Medical Research: Essential To The Future Of A Healthy Kenya
August 11, 2009
This afternoon, Helene Gayle, Congressman Keith Ellison and the rest of their team are headed out to the Kenya Medical Research Institute in Kisumu.
KEMRI is one of Africa's top medical research centers, and has been key to Kenya's efforts to control HIV, malaria and other diseases. Here the team is looking to examine the work of the institute, the potential to enhance current research partnerships with the American government, the status of malaria diagnosis and treatment, and the overall state of medical research in Kenya.
Many observers acknowledge that programs like KEMRI are critical for improving health in developing countries, particularly by building up local capacities for medical research and surveillance, as well as providing essential laboratory services for the region.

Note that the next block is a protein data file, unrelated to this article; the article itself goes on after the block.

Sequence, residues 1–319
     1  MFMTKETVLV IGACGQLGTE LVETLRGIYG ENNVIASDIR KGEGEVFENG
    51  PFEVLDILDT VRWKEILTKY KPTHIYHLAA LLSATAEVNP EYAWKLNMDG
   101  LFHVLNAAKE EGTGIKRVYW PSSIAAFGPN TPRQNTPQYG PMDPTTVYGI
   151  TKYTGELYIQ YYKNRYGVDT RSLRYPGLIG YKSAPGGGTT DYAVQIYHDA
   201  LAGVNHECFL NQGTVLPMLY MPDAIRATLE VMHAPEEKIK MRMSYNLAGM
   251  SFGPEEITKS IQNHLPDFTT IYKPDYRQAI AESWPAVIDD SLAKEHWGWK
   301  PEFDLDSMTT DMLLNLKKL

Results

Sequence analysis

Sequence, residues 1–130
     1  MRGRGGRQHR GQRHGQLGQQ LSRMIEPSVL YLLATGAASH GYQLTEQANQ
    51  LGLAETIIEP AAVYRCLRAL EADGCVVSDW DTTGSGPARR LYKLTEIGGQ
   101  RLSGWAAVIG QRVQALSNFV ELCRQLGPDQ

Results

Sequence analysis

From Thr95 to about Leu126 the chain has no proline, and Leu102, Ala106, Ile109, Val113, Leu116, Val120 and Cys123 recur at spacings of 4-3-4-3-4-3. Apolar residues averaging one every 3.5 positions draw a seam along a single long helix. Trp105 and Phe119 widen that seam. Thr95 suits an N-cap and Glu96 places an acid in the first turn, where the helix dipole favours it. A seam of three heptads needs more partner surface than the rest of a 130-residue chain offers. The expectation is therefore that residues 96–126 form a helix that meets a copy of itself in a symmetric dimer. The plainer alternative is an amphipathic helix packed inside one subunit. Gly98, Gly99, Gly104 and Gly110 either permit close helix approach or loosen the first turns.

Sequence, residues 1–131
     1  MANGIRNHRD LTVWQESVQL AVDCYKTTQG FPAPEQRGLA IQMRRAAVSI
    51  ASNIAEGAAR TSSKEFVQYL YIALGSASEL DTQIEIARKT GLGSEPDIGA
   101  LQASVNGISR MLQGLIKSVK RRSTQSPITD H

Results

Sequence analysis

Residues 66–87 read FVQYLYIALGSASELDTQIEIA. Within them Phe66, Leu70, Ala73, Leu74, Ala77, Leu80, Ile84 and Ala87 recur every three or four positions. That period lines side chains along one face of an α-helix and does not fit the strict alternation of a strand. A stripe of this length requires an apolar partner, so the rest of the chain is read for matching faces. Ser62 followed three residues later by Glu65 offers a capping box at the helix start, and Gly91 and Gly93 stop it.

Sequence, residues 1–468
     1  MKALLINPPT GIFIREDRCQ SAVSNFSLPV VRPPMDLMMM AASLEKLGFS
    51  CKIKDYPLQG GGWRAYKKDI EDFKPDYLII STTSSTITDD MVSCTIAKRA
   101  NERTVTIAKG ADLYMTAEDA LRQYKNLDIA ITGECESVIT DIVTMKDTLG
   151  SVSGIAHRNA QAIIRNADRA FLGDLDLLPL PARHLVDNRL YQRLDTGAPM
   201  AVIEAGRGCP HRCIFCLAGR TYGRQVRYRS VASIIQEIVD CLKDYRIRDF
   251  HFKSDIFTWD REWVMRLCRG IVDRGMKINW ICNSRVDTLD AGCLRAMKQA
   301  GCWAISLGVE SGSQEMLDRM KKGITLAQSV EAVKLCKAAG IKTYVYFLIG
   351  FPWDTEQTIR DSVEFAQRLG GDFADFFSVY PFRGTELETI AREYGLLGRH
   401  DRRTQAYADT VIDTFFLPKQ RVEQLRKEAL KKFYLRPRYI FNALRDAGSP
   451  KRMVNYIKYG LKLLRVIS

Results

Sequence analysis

A little more on KEMRI from the KEMRI.org:
The Kenya Medical Research Institute (KEMRI) was established in 1979 under the Science and Technology (Amendment) Act of that year to represent the national body responsible for carrying out health science research in Kenya. Prior to the establishment of KEMRI, health research in Kenya was conducted under the auspices of the East African Medical Research Council which had been established in 1957 to serve the countries of the East African Community. Following the break-up of the East African Community in 1977, the Kenyan Parliament passed the Science and Technology Act in 1977 and amended it in 1979 to provide for the establishment of research institutes.